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Amid fracking bans, Colorado discusses the controversial practice




Pump jacks are seen at dawn in an oil field over the Monterey Shale formation where gas and oil extraction using hydraulic fracturing, or fracking, is on the verge of a boom on March 24, 2014 near Lost Hills, California. Fracking has allowed oil and gas firms to tap new supplies and has led to a boom in some U.S. states but environmentalists have concerns. The BBC's Kim Gittleson reports from a Colorado fracking meeting.
Pump jacks are seen at dawn in an oil field over the Monterey Shale formation where gas and oil extraction using hydraulic fracturing, or fracking, is on the verge of a boom on March 24, 2014 near Lost Hills, California. Fracking has allowed oil and gas firms to tap new supplies and has led to a boom in some U.S. states but environmentalists have concerns. The BBC's Kim Gittleson reports from a Colorado fracking meeting.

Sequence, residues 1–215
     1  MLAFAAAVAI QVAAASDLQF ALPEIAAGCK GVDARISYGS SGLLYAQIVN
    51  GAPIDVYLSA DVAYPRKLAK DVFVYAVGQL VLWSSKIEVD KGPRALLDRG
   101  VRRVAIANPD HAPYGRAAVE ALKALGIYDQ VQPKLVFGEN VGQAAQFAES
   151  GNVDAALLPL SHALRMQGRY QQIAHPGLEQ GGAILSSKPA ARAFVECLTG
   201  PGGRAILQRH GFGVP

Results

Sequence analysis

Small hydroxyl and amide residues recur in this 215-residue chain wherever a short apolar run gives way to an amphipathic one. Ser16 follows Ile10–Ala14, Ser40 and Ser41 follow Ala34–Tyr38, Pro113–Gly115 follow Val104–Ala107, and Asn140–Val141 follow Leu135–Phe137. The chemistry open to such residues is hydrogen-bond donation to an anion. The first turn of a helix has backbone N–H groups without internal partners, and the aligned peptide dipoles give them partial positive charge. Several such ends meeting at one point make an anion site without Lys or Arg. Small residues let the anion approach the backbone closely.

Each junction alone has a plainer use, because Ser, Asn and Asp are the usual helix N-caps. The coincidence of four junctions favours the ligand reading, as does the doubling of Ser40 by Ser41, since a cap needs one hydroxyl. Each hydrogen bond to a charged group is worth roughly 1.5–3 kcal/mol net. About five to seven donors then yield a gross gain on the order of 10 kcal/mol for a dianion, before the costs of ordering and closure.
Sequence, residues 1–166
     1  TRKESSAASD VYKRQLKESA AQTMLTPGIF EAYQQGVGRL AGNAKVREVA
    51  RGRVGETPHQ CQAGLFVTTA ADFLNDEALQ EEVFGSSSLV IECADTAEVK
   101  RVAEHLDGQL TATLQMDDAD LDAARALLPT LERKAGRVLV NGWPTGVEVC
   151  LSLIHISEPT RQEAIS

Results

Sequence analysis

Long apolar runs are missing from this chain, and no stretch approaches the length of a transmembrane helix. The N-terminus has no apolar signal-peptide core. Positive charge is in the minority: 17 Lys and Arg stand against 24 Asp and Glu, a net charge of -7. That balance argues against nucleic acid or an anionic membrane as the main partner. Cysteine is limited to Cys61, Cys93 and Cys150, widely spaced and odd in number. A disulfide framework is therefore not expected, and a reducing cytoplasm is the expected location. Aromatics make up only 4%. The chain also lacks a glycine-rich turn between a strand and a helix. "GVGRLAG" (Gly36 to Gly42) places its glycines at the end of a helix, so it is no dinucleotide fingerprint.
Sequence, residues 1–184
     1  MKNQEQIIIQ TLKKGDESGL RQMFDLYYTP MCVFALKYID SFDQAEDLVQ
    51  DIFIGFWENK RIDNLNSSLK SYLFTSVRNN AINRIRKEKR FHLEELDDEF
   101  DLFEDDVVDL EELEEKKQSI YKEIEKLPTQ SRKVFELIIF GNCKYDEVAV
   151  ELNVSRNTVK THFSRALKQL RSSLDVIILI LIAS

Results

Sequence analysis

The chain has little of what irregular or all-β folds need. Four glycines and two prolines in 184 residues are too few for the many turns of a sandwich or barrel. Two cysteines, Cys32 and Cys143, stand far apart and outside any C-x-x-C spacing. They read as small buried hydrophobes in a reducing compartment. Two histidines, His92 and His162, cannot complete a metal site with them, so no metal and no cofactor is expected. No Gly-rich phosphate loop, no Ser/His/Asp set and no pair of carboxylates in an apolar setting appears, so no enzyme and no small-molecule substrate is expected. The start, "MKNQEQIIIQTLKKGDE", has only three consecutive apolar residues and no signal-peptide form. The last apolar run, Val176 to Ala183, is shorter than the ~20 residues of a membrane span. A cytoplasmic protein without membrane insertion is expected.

David McNew/Getty Images

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This summer, the United States overtook Saudi Arabia and Russia to become the world's largest oil producer.

And that's all due to one thing: the rise of hydraulic fracturing, or fracking.

It's a technique designed to recover gas and oil from shale rock by drilling down into the earth, where a high-pressure water mixture is injected into the rock to release the gas inside.

Fracking has allowed oil and gas firms to tap new supplies, and has led to a boom in some U.S. states like North Dakota and Pennsylvania.

But it has also drawn controversy, with environmentalists warning about negative health consequences.

That has led some towns to ban the practice.

The BBC's Kim Gittleson went to Colorado to find out more.

She begins her report at a public meeting about fracking in Denver.